beneath it there were seats and little plots of pinks and roses. The
apartments of the house were a little drawing‐room, very white, and clean,
and pretty, with its chairs, its cupboard, and its looking‐glass; an
alcove with its bed, so soft and clean and beautiful that the emperor
himself might have slept in it; a little kitchen with all its
requirements, among which were included the utensils, which shone like
gold; and a little bewitching dining‐room, with four chairs, a table, and
a sideboard. To the dining‐room there was a fairy entrance, adorned
without by an arc of flowers, and through this entrance you passed into a
garden, where there were fruits, and flowers, and vegetables, and a small
army of chickens clucked; and every egg they laid was as big as Juan’s
fist.

When night came on, Juan and Ramona took their supper like a couple of
princes in their little dining‐room, and soon after laid them down in
their beautiful bed. They both slept well, particularly Juan, who stirred
neither hand nor foot the whole night through.

Ramona began to find fault the very next day, and Juan noticed that every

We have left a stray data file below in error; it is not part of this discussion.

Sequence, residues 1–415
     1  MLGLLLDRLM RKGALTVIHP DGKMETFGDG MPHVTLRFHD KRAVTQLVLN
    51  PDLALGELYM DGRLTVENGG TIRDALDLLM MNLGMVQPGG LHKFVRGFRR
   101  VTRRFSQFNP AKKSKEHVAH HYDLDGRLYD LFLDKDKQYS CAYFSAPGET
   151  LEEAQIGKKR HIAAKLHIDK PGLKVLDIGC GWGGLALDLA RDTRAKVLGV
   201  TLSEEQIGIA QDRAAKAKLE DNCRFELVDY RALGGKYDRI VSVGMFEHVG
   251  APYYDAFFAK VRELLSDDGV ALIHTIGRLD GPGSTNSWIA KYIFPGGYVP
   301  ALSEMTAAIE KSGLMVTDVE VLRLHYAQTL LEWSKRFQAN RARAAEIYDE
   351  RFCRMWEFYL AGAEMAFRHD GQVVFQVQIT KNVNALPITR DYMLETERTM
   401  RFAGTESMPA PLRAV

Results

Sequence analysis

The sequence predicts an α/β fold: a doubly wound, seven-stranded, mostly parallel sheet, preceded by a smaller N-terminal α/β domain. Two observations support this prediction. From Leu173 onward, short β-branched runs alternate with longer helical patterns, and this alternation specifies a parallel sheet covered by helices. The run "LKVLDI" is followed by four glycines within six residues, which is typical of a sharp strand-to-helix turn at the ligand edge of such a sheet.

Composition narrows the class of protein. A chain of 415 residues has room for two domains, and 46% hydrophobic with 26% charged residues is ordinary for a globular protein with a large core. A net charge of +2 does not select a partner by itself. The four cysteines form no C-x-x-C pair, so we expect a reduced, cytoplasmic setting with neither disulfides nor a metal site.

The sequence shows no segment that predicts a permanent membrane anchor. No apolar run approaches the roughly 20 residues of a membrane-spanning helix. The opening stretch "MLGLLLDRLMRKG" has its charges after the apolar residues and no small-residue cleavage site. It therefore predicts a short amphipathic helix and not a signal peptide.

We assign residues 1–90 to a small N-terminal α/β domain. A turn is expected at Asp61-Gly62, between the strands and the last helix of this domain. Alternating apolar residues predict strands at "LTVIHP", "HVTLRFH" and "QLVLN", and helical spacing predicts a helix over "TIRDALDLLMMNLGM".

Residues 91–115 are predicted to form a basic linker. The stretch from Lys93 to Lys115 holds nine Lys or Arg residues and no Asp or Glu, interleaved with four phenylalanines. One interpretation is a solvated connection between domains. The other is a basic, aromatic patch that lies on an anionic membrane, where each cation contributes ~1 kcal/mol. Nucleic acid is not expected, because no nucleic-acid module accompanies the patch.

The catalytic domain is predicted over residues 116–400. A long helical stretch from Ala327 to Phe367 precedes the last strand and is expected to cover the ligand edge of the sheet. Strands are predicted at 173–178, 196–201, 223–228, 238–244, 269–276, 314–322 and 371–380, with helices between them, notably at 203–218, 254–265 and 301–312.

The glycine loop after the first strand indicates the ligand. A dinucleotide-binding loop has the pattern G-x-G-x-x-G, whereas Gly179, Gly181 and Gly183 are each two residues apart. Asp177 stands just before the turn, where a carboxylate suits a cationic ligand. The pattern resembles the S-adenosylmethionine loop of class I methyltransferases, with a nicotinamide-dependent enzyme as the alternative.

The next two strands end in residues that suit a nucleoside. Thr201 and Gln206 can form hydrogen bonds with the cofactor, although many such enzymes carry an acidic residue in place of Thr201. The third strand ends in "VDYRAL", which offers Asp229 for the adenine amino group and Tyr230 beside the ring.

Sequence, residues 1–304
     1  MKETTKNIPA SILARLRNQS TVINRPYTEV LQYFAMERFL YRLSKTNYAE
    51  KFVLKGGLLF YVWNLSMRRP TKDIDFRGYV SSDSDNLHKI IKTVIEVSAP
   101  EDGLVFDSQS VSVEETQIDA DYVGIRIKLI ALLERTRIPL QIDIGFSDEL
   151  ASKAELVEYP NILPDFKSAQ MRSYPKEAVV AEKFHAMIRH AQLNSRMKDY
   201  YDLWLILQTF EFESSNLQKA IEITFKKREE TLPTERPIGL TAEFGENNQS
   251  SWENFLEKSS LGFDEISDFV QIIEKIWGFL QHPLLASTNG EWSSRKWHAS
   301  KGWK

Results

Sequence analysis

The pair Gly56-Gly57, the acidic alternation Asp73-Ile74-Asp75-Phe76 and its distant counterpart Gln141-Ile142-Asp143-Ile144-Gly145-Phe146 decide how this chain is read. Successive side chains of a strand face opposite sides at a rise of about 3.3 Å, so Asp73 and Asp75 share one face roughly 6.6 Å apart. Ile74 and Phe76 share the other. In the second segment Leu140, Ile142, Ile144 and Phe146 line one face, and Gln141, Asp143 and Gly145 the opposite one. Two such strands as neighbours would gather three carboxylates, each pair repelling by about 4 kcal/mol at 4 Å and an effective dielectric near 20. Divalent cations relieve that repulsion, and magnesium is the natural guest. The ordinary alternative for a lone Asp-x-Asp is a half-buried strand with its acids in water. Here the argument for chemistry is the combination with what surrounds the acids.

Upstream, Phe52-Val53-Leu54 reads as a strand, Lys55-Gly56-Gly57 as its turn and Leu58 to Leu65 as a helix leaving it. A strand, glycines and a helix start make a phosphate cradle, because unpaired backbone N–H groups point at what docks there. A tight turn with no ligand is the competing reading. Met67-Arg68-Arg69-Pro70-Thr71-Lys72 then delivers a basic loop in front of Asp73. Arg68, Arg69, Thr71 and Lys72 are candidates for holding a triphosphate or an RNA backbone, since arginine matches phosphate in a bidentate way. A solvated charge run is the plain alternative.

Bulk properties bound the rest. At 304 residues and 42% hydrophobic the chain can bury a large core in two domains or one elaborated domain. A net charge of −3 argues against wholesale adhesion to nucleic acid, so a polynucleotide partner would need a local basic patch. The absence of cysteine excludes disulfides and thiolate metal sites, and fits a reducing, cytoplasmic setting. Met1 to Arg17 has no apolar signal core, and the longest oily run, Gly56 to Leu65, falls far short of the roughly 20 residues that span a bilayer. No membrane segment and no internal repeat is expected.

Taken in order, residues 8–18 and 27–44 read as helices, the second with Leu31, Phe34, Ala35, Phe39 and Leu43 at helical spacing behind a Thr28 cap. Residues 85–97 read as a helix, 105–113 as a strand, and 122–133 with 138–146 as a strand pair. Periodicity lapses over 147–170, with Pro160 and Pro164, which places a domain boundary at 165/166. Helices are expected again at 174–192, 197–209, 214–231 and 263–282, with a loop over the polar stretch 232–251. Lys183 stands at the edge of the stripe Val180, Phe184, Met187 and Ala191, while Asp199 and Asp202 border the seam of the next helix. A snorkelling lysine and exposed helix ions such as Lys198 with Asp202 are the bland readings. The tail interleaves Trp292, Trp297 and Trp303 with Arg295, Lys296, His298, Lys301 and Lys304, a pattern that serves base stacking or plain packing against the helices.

night her sleep was more disturbed.

“Woman, what the devil is the matter with you, that all night long you are
twisting like a reel?” asked Juan, one morning. “Why, there are no fleas
here as there were in the stable.”

“Fleas hinder my sleep very little.”

“Well, then, what hinders it, woman?”

“What hinders it? Your stupidity in asking the emperor so little hinders
it.”

“In the name of the Father, and of the Son!... And you still think it
little that I have asked, and he granted us?”

“Yes, indeed I do. This little house is so small that one can scarcely
turn in it; and if to‐morrow or some other day we have children, what
shall we do with them in a hut like this?”